In 2003, pretty much the only draw for home games was the merry-go-round. Credit: Andrew Weber-USA TODAY Sports
The 2003 Detroit Tigers, the team that quite possibly turned around the fortunes of the franchise, played the final week of May and headed into June. Though there is no place like home, the Tigers in 2003 would have rather been any place but home.
May 26 to June 1 (Weekly record 2-4)(Season record 14-40)
After a respectable (for this team) 3-4 road trip, the Tigers returned home to face the Indians and Yankees. After winning just three of 22 games at Comerica Park in 2003, not much was expected, and they did not defy those expectations.
A win on Memorial Day 2003, gave the Tigers four wins in their last five outings, but they got back to their losing ways by dropping the final two to Cleveland and the first contest to New York. They bounced back and took Game 2 of the Yankees series 4-2, defeating former teammate Jeff Weaver for the first time. Finally, a marathon 17-inning contest saw the Tigers drop another series and notch an embarrassing 40th loss on June 1.
(Painful) Game of the Week: June 1-Yankees at Tigers
Even in the lean years, the Tigers have always drawn well at Tiger Stadium and Comerica Park when the Yankees were in town. This was not the case in 2003 as the first two games against New York saw crowds of 28,003 and 24,959 respectively, but the series finale saw a sell-out for the first time since Opening Day. A terrific show of solidarity by the fans? Not so much. That Sunday afternoon game featured a chance for Roger Clemens to earn the 300th win of his career. In the pre-steroid allegation era for Clemens, any baseball fan would want to see that. “The Rocket” astonishingly enough could not hold a 7-1 lead against the suddenly powerful Tigers and left the game after giving up six runs (four earned) over six innings.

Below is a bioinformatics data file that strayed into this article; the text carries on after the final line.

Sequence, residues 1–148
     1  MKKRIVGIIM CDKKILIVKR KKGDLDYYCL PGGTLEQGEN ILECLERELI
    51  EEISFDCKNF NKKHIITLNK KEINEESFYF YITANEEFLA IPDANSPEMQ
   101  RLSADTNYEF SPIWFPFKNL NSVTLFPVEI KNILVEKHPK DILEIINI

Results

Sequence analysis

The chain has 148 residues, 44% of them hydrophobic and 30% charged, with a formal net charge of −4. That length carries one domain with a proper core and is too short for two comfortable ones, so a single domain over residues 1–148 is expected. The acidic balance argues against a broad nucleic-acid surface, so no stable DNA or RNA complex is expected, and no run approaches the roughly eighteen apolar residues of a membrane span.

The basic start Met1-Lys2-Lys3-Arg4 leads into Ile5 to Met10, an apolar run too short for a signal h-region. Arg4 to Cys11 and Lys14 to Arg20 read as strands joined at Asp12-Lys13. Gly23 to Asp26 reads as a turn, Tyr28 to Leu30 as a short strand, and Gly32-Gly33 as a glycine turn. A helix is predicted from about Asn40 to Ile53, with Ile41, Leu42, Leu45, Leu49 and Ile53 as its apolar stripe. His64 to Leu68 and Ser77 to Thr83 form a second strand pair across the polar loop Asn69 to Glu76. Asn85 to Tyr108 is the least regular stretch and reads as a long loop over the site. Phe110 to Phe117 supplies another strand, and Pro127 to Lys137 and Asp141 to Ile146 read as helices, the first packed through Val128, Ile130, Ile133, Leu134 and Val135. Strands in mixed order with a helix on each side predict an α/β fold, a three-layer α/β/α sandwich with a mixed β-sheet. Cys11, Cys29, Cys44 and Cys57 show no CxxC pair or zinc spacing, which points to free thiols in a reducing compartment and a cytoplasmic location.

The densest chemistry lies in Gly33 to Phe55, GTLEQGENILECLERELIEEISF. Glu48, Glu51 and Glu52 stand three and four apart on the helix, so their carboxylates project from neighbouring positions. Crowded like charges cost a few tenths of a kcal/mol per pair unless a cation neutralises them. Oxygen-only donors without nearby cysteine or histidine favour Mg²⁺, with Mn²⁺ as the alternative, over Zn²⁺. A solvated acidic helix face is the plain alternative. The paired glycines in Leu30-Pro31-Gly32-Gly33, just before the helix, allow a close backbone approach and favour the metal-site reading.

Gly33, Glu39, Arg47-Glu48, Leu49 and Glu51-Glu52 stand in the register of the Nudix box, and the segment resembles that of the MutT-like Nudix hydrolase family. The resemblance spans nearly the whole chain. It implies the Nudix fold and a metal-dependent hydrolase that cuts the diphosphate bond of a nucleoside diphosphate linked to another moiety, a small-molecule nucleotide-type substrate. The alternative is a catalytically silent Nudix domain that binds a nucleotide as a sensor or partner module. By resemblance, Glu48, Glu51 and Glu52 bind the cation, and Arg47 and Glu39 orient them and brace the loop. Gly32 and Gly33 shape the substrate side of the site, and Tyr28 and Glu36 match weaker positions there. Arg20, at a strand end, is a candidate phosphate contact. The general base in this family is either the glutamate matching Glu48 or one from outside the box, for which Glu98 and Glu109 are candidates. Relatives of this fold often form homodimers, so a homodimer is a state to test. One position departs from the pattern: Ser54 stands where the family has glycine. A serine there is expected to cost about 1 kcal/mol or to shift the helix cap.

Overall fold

Leave it to the Tigers to spoil something good for their fans, however give them credit, they never backed down in this game and perhaps fed upon the large home crowd. The Yankees scored three runs in the third and two in the fifth to grab that six-run lead, but the Tigers responded with five runs in the fifth off Clemens. Todd Zeile seemingly broke Detroit’s backs with a homer in the following inning to grab an 8-6 lead, but the Tigers tied it at eight in the seventh–where it would stay for the next 10 innings.
Last week’s featured player, Steve Sparks, allowed two solo home runs from Alfonso Soriano and Jorge Posada in the 17th. The Tigers mounted one last rally when Eric Munson drilled a double and scored Bobby Higginson to pull within one, but that’s how it would stay.
Final: New York 8, Detroit 7 (17 inn.)
(Lousy) Player of the Week: Eric Munson
Eric Munson: http://i2.cdn.turner.com/si/2011/writers/the_bonus/06/03/eric.munson/munson.jpg
If you were a Tigers’ fan in the early 2000’s, one name that was often batted around as “can’t miss” was Eric Munson. The third overall pick of the 1999 draft (behind Josh Hamilton and Josh Beckett), Munson had actually been drafted three years earlier by the Atlanta Braves but chose to play ball at USC instead. There he excelled, being named Freshman All-American. So when the Tigers drafted him they gave him some incentive to sign on the dotted line in the form of a $3.5 million signing bonus, a team record which was later matched by Rick Porcello in 2007.
Munson had been a catcher during his high school and college career but Detroit decided to convert him to first base. He had terrific power numbers in the minor leagues, and was named the Tigers’ minor leaguer of 2002. He started making sporadic visits to the majors in 2000, often playing third base, but it wasn’t until the ill-fated 2003 season when he spent the most time in Detroit, posting an average of .240 with 18 home runs and 50 RBIs in 99 games.
In 2004, Munson played in the most games of his career, but a troubling trend was emerging. While he could launch some of the longest homers you’ll ever see (such as when he hit the centerfield camera at COPA, an estimated 457 feet), his power was sporadic and average was poor (.212).
Following the season, Munson’s infield positions were filled with Dmitri Young at first and Brandon Inge at third, so he was granted free agency, and became just another Randy Smith draft pick bust. He played for Tampa Bay in 2005, Houston in 2006, and had one at-bat with Oakland in 2009, his final visit to the majors.
He finished with a career average of .214, with 49 homers.